Dr. José Sarrá and his uncle Valentine Catala were Catalan entrepreneurs and apothecaries who sought their fortune in Cuba. Together, they founded the Sarrá Pharmacy in Havana in 1853 with the aim of providing quality pharmaceutical products at reasonable prices. They and successive generations of their family created a business empire with a reach beyond Cuba's shores and left their fingerprints on some of Havana's most iconic buildings. Part of the original pharmacy is now a museum.
The most important pharmacy in Havana - and in Latin America
Sarrá selected the location for the pharmacy, in Old Havana, ideal for the development of medications. He called the pharmacy "La Reunión" (the meeting or unification) in order to symbolise his method of bringing together traditional and homeopathic pharmacies.
A laboratory was established which soon supplied ointments, salts, syrups and extracts to hospitals and other pharmacists throughout Cuba. Successive business partners expanded the premises and their activities, launching products which became national favourites, such as Sarrá Magnesia.
By the time independence had been achieved from Spain, the business had become one of the most important in Cuba with 46 buildings, 600 employees and over 500 products. It was the largest drugstore in Cuba and Latin America and the second biggest in the world after "Johnson" in the US.
The Sarrá brand and pharmacy today
The original La Reunión premises in Old Havana, now occupy more than 45 buildings of around 40,000 m2 (430 sq. ft). In 2004, part of the buildings was converted into a museum and this is a popular stop on any walking tour of the UNESCO World Heritage site of Old Havana.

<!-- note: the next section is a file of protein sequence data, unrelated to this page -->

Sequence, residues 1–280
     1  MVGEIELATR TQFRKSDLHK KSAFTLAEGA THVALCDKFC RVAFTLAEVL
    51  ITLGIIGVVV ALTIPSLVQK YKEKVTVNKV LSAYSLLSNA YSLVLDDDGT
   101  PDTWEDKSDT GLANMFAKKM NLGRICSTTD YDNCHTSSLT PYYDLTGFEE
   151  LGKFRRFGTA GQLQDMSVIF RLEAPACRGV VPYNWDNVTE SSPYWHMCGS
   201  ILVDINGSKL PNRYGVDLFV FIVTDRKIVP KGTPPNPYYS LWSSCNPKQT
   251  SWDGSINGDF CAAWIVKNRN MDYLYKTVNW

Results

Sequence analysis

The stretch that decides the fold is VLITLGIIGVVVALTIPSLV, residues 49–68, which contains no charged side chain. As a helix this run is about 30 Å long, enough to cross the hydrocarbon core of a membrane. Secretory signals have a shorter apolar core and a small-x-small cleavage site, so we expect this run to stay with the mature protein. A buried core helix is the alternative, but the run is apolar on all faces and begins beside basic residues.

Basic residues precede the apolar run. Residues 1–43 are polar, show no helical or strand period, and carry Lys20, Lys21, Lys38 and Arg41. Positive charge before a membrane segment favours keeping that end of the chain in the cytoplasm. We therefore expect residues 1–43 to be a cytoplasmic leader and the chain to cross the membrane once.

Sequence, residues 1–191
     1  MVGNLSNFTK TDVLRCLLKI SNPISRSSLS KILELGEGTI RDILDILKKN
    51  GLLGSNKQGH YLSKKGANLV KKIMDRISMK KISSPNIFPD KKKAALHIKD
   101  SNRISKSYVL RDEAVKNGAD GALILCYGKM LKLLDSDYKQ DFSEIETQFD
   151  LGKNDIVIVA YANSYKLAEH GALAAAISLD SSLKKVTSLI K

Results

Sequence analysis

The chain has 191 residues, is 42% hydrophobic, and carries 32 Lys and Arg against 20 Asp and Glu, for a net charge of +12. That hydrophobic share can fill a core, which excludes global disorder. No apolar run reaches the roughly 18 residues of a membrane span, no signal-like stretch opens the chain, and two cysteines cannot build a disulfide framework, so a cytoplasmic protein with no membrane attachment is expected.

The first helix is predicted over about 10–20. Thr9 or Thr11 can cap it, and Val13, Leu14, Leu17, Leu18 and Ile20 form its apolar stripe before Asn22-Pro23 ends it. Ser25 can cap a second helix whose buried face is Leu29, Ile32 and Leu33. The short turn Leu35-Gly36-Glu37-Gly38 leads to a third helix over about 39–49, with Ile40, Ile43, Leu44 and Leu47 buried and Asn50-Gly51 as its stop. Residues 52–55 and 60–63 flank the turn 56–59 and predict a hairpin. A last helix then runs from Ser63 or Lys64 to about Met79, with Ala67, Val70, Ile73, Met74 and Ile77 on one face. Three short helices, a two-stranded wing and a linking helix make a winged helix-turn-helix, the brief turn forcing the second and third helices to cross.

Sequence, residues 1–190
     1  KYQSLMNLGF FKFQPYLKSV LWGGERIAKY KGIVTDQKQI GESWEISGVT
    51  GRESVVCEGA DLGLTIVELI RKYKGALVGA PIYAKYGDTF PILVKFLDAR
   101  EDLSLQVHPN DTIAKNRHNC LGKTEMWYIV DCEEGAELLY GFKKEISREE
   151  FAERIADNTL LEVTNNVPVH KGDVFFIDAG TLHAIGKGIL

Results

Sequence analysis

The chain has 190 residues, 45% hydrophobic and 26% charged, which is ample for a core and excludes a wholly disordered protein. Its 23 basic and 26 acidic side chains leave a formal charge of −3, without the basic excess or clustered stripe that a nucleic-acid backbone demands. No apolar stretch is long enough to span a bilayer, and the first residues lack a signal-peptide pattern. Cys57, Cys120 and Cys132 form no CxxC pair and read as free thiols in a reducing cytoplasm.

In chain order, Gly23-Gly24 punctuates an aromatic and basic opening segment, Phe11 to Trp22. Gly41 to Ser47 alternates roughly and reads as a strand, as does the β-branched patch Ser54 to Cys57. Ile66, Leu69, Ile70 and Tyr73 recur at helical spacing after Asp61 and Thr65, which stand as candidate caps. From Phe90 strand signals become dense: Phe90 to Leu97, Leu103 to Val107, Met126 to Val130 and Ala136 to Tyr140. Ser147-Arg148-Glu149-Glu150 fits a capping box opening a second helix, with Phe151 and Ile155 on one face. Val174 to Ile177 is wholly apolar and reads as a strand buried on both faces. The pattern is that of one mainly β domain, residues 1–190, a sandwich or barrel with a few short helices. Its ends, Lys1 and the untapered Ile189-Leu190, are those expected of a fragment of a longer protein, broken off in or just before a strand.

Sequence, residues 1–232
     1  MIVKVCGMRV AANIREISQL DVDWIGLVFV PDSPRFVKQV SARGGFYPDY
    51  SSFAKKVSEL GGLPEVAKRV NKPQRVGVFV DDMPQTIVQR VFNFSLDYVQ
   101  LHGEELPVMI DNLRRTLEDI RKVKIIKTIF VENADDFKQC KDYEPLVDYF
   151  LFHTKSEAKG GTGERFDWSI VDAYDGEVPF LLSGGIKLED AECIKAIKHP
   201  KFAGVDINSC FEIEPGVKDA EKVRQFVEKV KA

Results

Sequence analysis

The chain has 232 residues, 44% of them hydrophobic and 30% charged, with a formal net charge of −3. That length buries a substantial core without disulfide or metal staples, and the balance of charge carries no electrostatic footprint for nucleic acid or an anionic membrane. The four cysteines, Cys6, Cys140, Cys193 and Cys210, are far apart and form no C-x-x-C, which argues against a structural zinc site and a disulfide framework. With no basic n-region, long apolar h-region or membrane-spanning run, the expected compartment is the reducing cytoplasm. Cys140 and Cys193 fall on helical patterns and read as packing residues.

In an ambience of fin de siècle splendour, visitors can see the instruments, jars, bottles, pestles and mortars and other equipment used by the Sarrá pharmacists.
The "Sarrá Award" which is still granted annually to the best student of pharmacy at the University of Havana.
For those interested in Havana's art nouveau architecture, the palace which now houses the Spanish Embassy, built in 1912, and next to the Bay's entrance, is also part of the Sarrá legacy.
Get InspirationAll about where to go and what you can do
Christopher Columbus Cemetery (or Cementerio de Colon in Spanish) is generally recognised as the most historically and architecturally important cemetery in Latin America. Home to over a million interred bodies including politicians, musicians, writers, artists, military heroes, and religious figures from both Cuba and around the world, this landmark of the Vedado neighbourhood is worth a visit for any culturally- or historically-inclined traveller.
For visitors interested in Cuba's history, Chorro de Maita is a popular day excursion from nearby Holguin and the resorts of Guardalavaca. The archaeological site, reconstructed Taino village and museum offer a vivid insight into the lives of indigenous Cubans around the early years of the Spanish colonisation.
As you explore Santiago, it's tough to miss this stunning building across the way from the Palacio Provincial. The Bacardi Museum, as it's often simply called in English, is housed in an architecturally impressive building with neoclassical flourishes. One of Cuba's oldest museums, this place is home to archaeological discoveries, an impressive Spanish art collection, exhibits on Cuban history, and the only Egyptian mummy found anywhere on the island!
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